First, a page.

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I loved her memoir, The Distance Between Us. Here’s the sequel, starting with her admission to UC Santa Cruz where she felt very other until she finally connected with some Latinx students, and ending with the publication of her first book after long struggles to get recognized. She tried to save her rebellious teenage sister Betty, entered a series of flawed relationships, faced unmotivated high school students when that was the only job she could get, had a baby on her own, and found solace in folkloric dancing. Candid and inspiring.
This snarky Canadian writer takes on Staples and dreadful writing to produce an eminently silly book. Roger toils at said store, along with Bethany who’s Goth. He’s writing a novel, Glove Pond, in his spare time—every cliché in the book. And also writing about Bethany in a notebook she comes across. We get spot on descriptions of big-box store life, absurd excerpts from Roger’s oeuvre, and even some forays into the nature of life and death. I needed a dose of ridiculous and thoroughly enjoyed it.
Sam is like no P.I. I’ve ever encountered. A bullet in the brain messed with his frontal lobe, resulting in some surprising effects like extreme disinhibition and an inability to lie. He’s very smart, despite. One job—Genevieve hires him to get back a haul of designer shoes her ex has stolen— leads to an incredible chain of subsequent job offers, each shadier then the next. Very big bucks have been diverted; an explosion in a library interrupted an expected transaction. (Oh those public computers…) I had to suspend disbelief often, but found the book very entertaining. Chicago setting.
Phillppa, in a long, relatively harmonious marriage, falls hard for a fellow professor. The relationship should have been time-limited by circumstance, but she has great difficulty returning to regular life on the Iowa campus where she and her husband Michael both work in the theater department. Meanwhile her troubled daughter Ginny is about to settle down with an Amish guy but wedding plans create further tensions. Phillipa’s marriage is smashed and her job is at serious risk. There’s also a slightly confusing but fascinating story about Michael’s grandmother who was a Nazi collaborator. For that matter, I had some challenges tracking various threads but I found the elements intriguing enough to keep reading.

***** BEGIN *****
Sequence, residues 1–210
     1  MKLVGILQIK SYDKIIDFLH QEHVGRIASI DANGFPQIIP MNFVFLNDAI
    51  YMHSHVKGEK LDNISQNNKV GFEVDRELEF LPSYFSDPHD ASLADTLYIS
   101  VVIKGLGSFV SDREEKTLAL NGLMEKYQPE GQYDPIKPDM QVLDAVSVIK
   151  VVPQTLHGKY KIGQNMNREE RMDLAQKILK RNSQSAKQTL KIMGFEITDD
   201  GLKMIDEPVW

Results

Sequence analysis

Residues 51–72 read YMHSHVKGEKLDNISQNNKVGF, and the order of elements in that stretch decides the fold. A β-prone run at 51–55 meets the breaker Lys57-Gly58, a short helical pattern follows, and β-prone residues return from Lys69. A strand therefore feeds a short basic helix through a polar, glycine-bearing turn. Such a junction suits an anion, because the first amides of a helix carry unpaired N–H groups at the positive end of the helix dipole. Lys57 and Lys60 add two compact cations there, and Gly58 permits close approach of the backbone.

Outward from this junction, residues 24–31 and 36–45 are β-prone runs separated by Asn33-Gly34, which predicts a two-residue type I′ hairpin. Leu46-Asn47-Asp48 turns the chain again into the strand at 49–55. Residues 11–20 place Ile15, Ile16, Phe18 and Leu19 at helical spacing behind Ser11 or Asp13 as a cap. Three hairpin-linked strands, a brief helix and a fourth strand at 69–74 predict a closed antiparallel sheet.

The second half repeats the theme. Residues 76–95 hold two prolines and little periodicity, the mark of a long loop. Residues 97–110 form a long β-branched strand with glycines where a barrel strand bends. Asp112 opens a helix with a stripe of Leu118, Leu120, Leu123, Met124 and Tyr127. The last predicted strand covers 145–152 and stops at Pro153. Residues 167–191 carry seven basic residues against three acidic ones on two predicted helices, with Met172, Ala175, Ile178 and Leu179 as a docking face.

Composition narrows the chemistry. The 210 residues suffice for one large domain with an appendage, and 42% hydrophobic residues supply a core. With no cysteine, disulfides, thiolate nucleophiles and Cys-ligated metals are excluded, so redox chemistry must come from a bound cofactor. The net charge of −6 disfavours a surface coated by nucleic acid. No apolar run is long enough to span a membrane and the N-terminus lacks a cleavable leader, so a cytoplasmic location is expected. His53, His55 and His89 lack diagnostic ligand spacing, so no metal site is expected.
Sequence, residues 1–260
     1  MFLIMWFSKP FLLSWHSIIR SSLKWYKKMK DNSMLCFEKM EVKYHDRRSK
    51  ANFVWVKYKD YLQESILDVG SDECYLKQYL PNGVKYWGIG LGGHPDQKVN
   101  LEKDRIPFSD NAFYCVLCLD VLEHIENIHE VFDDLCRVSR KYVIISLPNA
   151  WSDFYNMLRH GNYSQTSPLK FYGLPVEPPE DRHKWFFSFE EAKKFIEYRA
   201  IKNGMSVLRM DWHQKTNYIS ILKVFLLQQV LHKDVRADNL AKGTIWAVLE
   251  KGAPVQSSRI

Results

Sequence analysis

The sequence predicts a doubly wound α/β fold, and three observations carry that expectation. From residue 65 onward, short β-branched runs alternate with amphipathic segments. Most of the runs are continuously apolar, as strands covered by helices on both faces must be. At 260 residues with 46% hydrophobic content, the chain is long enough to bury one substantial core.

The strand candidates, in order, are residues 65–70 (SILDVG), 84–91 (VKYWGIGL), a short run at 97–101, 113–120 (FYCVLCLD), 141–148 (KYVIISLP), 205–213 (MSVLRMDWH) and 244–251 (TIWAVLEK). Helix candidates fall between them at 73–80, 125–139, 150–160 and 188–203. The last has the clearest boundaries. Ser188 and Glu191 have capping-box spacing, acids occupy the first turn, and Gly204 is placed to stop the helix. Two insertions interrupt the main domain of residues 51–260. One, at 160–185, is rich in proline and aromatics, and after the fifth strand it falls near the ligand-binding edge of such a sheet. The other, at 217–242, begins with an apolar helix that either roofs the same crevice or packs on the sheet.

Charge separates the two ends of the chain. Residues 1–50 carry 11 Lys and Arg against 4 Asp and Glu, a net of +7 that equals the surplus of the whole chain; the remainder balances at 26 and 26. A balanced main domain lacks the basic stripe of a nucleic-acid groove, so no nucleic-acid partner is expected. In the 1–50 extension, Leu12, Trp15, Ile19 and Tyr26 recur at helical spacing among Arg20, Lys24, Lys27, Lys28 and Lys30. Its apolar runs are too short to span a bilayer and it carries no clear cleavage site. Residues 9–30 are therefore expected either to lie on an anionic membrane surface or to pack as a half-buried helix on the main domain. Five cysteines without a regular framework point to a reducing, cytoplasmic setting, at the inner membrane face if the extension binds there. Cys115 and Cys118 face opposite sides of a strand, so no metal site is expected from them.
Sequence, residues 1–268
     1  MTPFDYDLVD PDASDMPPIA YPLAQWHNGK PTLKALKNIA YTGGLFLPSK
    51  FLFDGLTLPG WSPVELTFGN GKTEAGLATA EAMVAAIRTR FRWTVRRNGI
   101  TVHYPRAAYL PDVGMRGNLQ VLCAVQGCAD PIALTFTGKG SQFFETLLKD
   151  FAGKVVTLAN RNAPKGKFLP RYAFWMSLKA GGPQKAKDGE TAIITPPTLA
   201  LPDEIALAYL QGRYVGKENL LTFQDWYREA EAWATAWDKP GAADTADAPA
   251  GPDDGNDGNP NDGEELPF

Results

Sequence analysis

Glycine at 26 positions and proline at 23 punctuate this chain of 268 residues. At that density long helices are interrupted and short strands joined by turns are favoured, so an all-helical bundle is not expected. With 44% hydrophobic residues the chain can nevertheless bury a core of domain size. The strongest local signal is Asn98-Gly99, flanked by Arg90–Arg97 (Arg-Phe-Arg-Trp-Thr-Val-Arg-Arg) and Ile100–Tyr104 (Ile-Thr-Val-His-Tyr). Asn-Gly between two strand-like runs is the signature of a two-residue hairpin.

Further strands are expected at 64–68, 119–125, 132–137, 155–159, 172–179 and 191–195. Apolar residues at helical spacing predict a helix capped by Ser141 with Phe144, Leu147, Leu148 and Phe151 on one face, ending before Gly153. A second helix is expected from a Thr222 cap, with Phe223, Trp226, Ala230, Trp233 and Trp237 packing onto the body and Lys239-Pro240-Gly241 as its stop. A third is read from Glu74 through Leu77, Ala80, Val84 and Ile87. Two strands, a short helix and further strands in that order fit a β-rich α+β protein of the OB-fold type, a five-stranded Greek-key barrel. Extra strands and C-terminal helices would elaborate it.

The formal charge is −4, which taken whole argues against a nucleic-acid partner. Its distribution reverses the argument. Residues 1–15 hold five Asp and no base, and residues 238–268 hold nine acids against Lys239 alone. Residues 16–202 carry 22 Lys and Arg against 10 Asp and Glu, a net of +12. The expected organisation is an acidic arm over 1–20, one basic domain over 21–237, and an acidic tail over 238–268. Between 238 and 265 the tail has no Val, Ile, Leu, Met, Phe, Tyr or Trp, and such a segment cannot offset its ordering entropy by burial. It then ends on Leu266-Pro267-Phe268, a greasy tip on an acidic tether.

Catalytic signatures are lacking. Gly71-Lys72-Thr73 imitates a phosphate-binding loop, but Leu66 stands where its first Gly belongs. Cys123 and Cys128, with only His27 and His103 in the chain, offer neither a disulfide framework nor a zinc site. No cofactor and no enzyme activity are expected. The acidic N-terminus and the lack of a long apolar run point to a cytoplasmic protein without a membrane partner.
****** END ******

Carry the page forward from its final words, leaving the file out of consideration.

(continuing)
How I love this author! Here she takes on the flu of 1918. Julia is a new, very dedicated nurse. She’s charged with pregnant patients in an overtaxed, under-supplied Dublin hospital. A lively young volunteer, Bridie, lends an essential hand, as does a woman doctor (!) who arrives with a suspicious reputation. Rules and hierarchies be damned when lives are at stake; mortality is ever-present. A sweet, doomed relationship grows between Julia and Bridie in the midst of the constant drama of childbirth under extreme duress. Of course the current COVID-19 situation brings this material into very sharp relief. An engrossing, dramatic read.
Back next week.